to make resonance to today, that was fine by me. I was more interested in
the bigger issue of the power of politics – the redeeming power of politics
– and the character of Wilberforce. The spiritual and the political man
leading side by side. His great stubbornness and persistence and courage to
keep it going. I thought, as you say, there are similarities with Iraq, and
you can take it or leave it. It was there if you wanted it, but if you
didn’t come away with that, that wasn’t a lofty concern of mine. I was more
interested that people came away with bigger issues the film deals with.
As a director, what is
it like to make period films? Is it interesting to immerse yourself in a
different time and place?
Yes. It’s a challenge. Also, you don’t want to just make a period
film. That’s more what I think the difficulty is. You don’t want to be
shooting hats and costumes. You want to be shooting energy and life and
issues and drama. I think the trap with period films is you get caught up
in the paraphernalia of it. You want to honor the periods, but you don’t
want to get trapped in it. I think that’s the exciting challenge – giving
them a kind of vitality where you in the end don’t notice the costumes. You
don’t notice the buildings. You’re just involved in the people and the
story. That’s very difficult to do. Not many people can pull it off. I’m
not saying I do… that’s not the point I’m making. I think it’s very
difficult when you see a film that has real vitality to it.
is also something you have often explored in your films. While the movie is
not actually specifically about the song, “Amazing Grace” does suffuse the
story and play a big role. How vital was the song to the tale you were
trying to tell?
It was a gift, really. It gave us a title and… again, the same thing I was
saying about something being true – the fact of the Albert Finney character
and his relevance to Wilberforce and the existence of the song. The
existence of the words of the song and the existence of the title was all
very serendipitous. It wasn’t like we just stuck it on and said, well
here’s a title, etc., etc. It was organic to the movie. It was just too
big a gift to turn your back on it. The problem was not to overdo it. Not
to overuse it. I’ve used [the song] a couple of times already. I used it
in Coal Miner’s Daughter. At Loretta’s father’s funeral – so I’ve
exploited it myself. But it was just so great to have it as part of the
story. Also, to just, in a sense, shine a light on that famous piece of
music. That’s what its roots are. That’s what it’s about.
You mentioned it was a
little intimidating to jump into the Bond series. I see you’ve signed on to
do the third
Yes, I’m just in the middle of preparing it now. This is even bigger than
Bond and even more scary.
How did you get
involved with the series?
It was a bit of amazing grace. One of the two companies doing it – Walden
[Media] – did Amazing Grace. So there was a relationship there, so
here I am.
How do you think your
film will be different than the one that came first and the upcoming sequel?
Well, they are
different. They’re kind of fun. They’re a bit like Bond but not like Harry
Potter. They are completely different stories. Mine has only got two of
the original characters in there, so you have to create different worlds
with each of the books – which is the strength of what Lewis wrote. I think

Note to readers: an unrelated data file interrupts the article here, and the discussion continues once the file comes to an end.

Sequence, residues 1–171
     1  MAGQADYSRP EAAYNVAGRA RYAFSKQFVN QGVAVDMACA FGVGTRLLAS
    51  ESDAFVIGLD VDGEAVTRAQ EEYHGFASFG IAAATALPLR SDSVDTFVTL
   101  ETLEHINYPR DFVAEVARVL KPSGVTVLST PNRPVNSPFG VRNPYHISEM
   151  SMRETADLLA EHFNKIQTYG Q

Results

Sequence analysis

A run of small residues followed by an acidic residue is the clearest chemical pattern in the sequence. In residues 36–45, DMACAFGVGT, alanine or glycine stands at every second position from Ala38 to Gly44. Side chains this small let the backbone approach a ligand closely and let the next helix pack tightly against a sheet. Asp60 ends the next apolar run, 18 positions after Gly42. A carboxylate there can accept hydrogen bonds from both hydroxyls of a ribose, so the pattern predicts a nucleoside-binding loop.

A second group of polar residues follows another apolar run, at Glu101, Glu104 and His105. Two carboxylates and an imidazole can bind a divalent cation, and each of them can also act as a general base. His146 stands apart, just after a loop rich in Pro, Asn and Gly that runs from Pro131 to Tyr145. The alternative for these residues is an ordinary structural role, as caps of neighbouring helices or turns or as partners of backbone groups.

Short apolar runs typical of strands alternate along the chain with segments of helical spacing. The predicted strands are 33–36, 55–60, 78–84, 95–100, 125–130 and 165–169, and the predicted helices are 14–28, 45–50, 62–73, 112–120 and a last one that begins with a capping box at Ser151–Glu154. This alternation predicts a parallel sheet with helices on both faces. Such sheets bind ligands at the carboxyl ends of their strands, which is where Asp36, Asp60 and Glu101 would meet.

it’s quite a challenge. It’s a lot more fun, really, than coming in and
just developing the same ground, using the same people. It’s a kind of
built-in challenge. I don’t have to struggle to leave my fingerprints on
it, because I’m confronted with a whole different challenge from what they
had when they did the first two episodes.
are in sort of a nice position as a director where you can do lots of things
that interest you. You do big blockbusters like
The World is Not
Enough and Narnia, more artistic films like Amazing Grace,
your documentaries – you can even take some time to do TV series like
Rome. How satisfying is it to have hit a position in your profession
where you have that kind of freedom?
Well, it’s not as easy as…. I know you’re not saying it’s easy, but it’s
not quite as comfortable as you might [think]. It’s just hard to get good
jobs here. To get good, challenging films. Frankly, I’ve kept my door wide
open. Kept my documentary career going. Made myself available to do
television. Do indie films. Do blockbuster films. Really, the idea is
just so I can get a larger choice of material and do more things that
interest me, rather than just have to do stuff to earn a living. It’s been
a deliberate policy. It is incredibly stimulating to me that I can have a
go at different sorts of things. Exercise different muscles. Have
different challenges. It’s always a struggle just to find a piece of really
good material, but because my career is fairly broad-based I just think I
have more options than other people. More options to find interesting
stuff. It’s still a struggle to get things going, but I just think I have
slightly more options.
Beyond your feature work, your television and documentaries, you are also
the head of the Directors Guild. Do you ever get time to sleep?
I know it always
sounds very impressive. It’s just, I suppose, merely managing your time.
The Directors Guild is very well run. When I’m off doing a film they look
after me and make it easy for me. Then when I’m not shooting I do a lot. I
think the Directors Guild is very keen to have someone like me as its
president, because they want to suggest that working members can run the
Guild. It isn’t people who are retired or don’t have a career. They make
it work for me. I believe there are 140 full-time employees working for the
Guild, so it’s a big organization.
Well, being so
involved in the Guild, how is the Writers Guild strike affecting things for
you and has it made things more difficult in Hollywood?
yeah. We have to decide soon what we’re going to do. We’re preparing to go
in for our own negotiations, so the timing of that is the next big
decision. We don’t want to undercut the writers, but if there is nothing
going on with the writers and producers, we’ve got our own business to deal
us Let us know what you